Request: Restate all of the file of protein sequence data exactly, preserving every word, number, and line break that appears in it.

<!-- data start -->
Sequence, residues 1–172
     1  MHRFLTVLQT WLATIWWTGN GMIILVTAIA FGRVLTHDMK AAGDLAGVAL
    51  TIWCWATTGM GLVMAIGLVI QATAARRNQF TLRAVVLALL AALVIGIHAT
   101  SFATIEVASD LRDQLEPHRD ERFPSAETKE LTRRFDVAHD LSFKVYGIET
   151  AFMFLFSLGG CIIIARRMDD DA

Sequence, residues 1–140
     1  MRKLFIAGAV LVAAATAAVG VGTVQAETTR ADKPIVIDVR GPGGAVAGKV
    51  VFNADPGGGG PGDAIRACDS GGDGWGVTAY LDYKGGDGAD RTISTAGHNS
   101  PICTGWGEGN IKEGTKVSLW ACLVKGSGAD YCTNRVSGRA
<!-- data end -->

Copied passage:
Sequence, residues 1–172
     1  MHRFLTVLQT WLATIWWTGN GMIILVTAIA FGRVLTHDMK AAGDLAGVAL
    51  TIWCWATTGM GLVMAIGLVI QATAARRNQF TLRAVVLALL AALVIGIHAT
   101  SFATIEVASD LRDQLEPHRD ERFPSAETKE LTRRFDVAHD LSFKVYGIET
   151  AFMFLFSLGG CIIIARRMDD DA

Sequence, residues 1–140
     1  MRKLFIAGAV LVAAATAAVG VGTVQAETTR ADKPIVIDVR GPGGAVAGKV
    51  VFNADPGGGG PGDAIRACDS GGDGWGVTAY LDYKGGDGAD RTISTAGHNS
   101  PICTGWGEGN IKEGTKVSLW ACLVKGSGAD YCTNRVSGRA